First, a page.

Five Ways Your Institution’s Library Can Support Mental Health

4 min read

| By Gale Staff |

Mental health concerns spiked throughout the COVID-19 pandemic, and college campuses are particularly affected by this alarming trend. In fact, one study found that during the 20-21 academic year, nearly two-thirds of all university students suffered from at least one mental health concern.

University staff can help by taking proactive measures. Notably, academic librarians can support struggling college students by introducing them to accurate mental health information and creating a safe space on campus. Consider what resources your institutional library currently has to offer, and make sure to let students know how and where to access help.

Minimize Stigma by Sticking to the Facts

Mental health issues are prevalent, and there’s no reason for college students to feel shame or to try to hide their struggles. Ensuring that students have access to accurate, unbiased information is critical to combating stigma and prejudice. Help build awareness on your campus with our curated Mental Health Collection in Gale eBooks.

The titles housed in Gale eBooks will supplement any mental-health-related research, whether for your students or faculty members. Because these books are offered through the eBook platform, users can access the information from any device, enabling students to keep their queries private. Plus, Gale’s collections integrate extensive translation options, making these important resources available to international and ESL students. With access to reliable information and guidance, students can better understand and pursue treatment for their mental health.

Develop Stress-Reduction Strategies

Academic courses can be demanding, especially around mid-terms and finals. The library can function as a stress-free space for students struggling to manage academic pressure. Librarians can invite other professionals on campus (tutors, wellness center staff, nurses, and financial aid counselors) to host workshops. Topics can include stress reduction tips or time management tips. Campus libraries can also collaborate with the student life office to develop stress-free activities during exam weeks. Perhaps the library could host a yoga class or some kind of relaxation station.

Facilitate Peer Counseling

Oftentimes, students don’t immediately need one-on-one clinical counseling, but rather a helpful conversation with a peer can provide some comfort and solutions. Data confirms that most students in distress will reach out to a peer before they connect with a professional. Structured peer counseling can play a part in your overall campus response to mental health. For example, students who may have lost a loved one during the pandemic might benefit from speaking with a fellow student who has also worked through grief. Peer counseling can be effective for homesickness or academic stress too. The college library can help facilitate or simply provide a safe space to host peer counseling sessions. Quiet study rooms can be used to maximize privacy.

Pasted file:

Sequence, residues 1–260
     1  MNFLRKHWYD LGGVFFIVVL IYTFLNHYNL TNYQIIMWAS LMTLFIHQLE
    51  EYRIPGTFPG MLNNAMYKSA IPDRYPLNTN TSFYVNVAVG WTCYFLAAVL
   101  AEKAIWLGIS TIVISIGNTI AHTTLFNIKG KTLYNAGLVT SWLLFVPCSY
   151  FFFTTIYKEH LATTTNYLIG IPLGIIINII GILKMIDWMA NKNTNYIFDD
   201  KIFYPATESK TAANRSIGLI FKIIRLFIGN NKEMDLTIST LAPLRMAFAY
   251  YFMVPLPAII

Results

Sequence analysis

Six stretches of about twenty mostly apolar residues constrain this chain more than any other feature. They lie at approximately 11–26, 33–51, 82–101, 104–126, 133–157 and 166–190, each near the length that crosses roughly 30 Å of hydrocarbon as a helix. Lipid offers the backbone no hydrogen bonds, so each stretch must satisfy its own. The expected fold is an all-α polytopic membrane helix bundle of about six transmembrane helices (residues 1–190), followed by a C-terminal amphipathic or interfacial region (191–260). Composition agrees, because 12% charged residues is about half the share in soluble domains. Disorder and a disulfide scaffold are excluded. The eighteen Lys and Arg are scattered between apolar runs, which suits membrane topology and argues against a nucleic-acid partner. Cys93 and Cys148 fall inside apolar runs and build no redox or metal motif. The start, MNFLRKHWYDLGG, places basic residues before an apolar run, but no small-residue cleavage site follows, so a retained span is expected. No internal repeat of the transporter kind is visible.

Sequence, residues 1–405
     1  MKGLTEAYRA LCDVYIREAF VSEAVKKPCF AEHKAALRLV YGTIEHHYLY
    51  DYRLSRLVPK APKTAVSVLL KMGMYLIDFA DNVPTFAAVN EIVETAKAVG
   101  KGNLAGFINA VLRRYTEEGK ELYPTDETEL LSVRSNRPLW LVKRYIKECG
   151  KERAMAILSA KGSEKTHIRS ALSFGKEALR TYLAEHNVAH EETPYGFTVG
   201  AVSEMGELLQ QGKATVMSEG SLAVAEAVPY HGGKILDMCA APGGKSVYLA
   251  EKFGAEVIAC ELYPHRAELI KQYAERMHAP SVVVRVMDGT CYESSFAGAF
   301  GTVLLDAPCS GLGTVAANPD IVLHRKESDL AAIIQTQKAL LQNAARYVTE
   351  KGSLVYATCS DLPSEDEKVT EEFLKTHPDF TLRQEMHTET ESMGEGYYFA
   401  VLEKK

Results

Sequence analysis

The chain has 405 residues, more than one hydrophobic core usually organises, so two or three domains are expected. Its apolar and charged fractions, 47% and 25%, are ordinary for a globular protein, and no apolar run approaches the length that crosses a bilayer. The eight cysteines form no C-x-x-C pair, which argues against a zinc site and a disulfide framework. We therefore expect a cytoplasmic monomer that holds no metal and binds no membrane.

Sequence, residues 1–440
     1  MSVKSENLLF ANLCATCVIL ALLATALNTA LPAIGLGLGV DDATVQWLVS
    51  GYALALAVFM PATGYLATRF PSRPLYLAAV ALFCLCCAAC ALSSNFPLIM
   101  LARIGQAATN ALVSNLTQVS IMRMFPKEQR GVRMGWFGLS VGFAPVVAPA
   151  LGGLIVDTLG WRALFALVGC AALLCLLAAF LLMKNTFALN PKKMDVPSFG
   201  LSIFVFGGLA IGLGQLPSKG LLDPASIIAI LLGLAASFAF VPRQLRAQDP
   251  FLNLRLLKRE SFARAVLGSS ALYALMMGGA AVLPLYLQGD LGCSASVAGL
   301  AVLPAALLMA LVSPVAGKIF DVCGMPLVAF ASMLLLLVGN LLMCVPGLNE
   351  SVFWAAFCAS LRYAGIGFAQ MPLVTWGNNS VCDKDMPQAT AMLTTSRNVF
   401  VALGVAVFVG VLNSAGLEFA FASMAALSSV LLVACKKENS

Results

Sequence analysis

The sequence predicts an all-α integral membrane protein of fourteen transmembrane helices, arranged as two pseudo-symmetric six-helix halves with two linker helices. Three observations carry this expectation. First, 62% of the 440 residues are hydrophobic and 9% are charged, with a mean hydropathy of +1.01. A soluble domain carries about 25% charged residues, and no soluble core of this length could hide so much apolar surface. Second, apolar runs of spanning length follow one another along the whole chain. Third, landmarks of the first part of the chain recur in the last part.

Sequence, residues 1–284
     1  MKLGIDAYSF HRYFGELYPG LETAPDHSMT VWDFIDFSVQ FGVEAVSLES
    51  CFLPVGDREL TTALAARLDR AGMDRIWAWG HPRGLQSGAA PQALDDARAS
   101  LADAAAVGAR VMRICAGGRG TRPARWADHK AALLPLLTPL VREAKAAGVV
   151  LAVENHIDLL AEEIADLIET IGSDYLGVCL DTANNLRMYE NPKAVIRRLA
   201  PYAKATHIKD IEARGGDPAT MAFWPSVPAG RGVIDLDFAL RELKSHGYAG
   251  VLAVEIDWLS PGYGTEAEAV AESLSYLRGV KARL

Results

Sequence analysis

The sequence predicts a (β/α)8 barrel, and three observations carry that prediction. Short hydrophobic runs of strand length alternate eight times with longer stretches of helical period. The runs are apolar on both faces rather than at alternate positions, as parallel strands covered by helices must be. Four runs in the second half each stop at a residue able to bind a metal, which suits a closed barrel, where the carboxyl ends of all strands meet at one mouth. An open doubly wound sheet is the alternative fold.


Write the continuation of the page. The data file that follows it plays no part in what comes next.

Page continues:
Make Your Students Smile

Take a moment to consider the display cases or bulletin boards inside your library. How might you leverage these resources to make your students smile? Perhaps one display can feature guilty-pleasure reads for students who need a break from academic rigor while a bulletin board could feature silly facts or corny jokes. Print free bookmarks decorated with positive affirmations for students to take on their way out. If you’re not feeling particularly creative, invite your student workers into the conversation. As a team, you can make the library an inviting, safe place for all members on campus.

Don’t Neglect Your Own Self-Care

University workers, especially those who work directly with students, can suffer from compassion fatigue. Campus librarians and their staff can certainly experience burnout, so carve out some time for self-care every day. Find time to make a cup of coffee or call an old friend. Take a moment to create and maintain a list of free campus and community mental health resources that you and your staff can easily use as a reference for patrons in need. Finally, make sure you feel prepared to respond during a mental health crisis. Ask your college counseling center if they can facilitate training for your team, so everyone knows what to do.

College student needs are evolving and campus professionals are adapting. Librarians can play a key role in responding to growing student mental health concerns, whether through eBooks, workshops, or simply by providing a welcoming, safe environment for their patrons.

Check out what other campus libraries are doing to support student mental health and consider tips for how staff can best respond to students seeking support.

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